New Industrial Catalysts Developed – Promising 'Greener', Cheaper, Safer Drugs And Perfumes

perfume bottle (photo: Angela Andriot)

Chemists at the University of Toronto have developed a new class of eco-friendly metal catalysts for use in a variety of industries that can viably replace the rare and expensive metals currently in use.

Metal catalysts are necessary to produce the basic chemical structures (e.g., amines and alcohols) which are the basis of everything from pharmaceuticals and flavorings to perfumes and pigments. The new catalysts — based on iron oxide — promise cheaper and safer chemical processes. Further, because iron is more biologically compatible and is the fifth most abundant element on Earth, these new catalysts are considered ‘greener’ than such traditional rare metal catalysts as ruthenium, rhodium, palladium and platinum (which are also quite toxic).

In making a variety of chemical structures as precursors to larger, industrially useful chemicals,  chemists require “transition” metals to trigger a process called hydrogenation. Substituting an iron oxide (Fe{II}) based template for these rare metals resulted in highly efficient iron complexes which exhibited catalytic abilities (i.e., molecular yields, turnover frequencies) that were competitive with, and, in many cases, surpassed these conventional catalysts.

Reporting in the 29 November issue of Science, principal investigator Robert Morris, stated:

“We found a way to make the ferrous form of iron behave in a catalytic process much more efficiently than a precious metal. We did this by finding molecules containing nitrogen, phosphorus, carbon and hydrogen, that bond to, and enhance, the reactivity of iron.”

The process developed by the U of T researchers was a validation of an earlier hypothesis that saturated ligands (types of stable, metal-based, binding molecules) of a particular chemical “species” could be used to activate iron and thus catalyze the “asymmetric reduction” (involving the partial donation of hydrogen ions) of certain chemical bonds to form “enantiopure alcohols and amines.”

Other research teams (also reporting their results in the same issue of Science), such as  Jagadeesh et al, are working with iron-oxide particles surrounded by a “nitrogen-doped carbon layer” to efficiently catalyze the hydrogenation of nitroarenes, the reduction of which leads to chemical “building blocks” called anilines which are used in the agrochemical industry, as well as in dyes and pharmaceuticals.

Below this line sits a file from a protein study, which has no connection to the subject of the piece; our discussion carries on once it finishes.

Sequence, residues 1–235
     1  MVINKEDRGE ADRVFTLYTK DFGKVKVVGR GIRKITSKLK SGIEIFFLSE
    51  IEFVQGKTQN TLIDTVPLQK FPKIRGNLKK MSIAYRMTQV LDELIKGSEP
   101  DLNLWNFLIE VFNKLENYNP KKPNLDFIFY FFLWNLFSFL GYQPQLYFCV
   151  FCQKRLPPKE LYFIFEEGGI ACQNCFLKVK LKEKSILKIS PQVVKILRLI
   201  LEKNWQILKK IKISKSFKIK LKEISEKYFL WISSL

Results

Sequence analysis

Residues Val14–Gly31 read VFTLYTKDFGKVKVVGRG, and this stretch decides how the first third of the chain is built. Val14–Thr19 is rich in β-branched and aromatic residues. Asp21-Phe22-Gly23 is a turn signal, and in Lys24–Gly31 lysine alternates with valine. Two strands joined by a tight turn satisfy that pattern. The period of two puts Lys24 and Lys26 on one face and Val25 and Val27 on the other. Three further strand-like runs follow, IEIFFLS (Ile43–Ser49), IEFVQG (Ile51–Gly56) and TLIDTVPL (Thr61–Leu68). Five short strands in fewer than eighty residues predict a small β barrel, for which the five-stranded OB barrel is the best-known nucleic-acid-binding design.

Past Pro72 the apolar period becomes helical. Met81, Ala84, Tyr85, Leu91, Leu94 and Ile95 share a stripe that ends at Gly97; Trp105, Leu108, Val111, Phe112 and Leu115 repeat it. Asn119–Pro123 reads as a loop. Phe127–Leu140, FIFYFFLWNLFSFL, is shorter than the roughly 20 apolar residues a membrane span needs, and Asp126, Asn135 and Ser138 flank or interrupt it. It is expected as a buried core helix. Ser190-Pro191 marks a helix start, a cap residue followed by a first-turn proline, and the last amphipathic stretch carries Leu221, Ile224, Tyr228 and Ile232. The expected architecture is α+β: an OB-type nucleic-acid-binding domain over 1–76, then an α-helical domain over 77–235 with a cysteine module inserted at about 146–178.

Professor Morris sums up the current “green” catalyst revolution in the chemical industry:

“There is a research effort world-wide to make chemical processes more sustainable and green by replacing the rare, expensive and potentially toxic elements used in hydrogenation, catalytic converters in cars, fuel cells for the efficient conversion of chemical energy into electricity, and silicone coatings, with abundant ions such as iron. Iron is about 10,000 times cheaper to obtain than ruthenium. And less than 200 metric tons of platinum-type metals are mined in the world every year, not all of it can be recycled after use, it is not essential to life, and it can be toxic.”

All told, these new, environmentally “benign” catalysts seem to be good news for the planet’s (unavoidable) chemical future.

And, the  move towards marketplace adoption has already begun: the Canadian sustainable technology incubator GreenCentre Canada (a funding partner in this research along with the Natural Sciences and Engineering Research Council of Canada) is currently pursuing the commercialization of the new iron catalysts.

Top Image: (A collection of glass perfume bottles: Vetiver Aromatics); credit: Angela Andriot ; CC – By – SA 3.0



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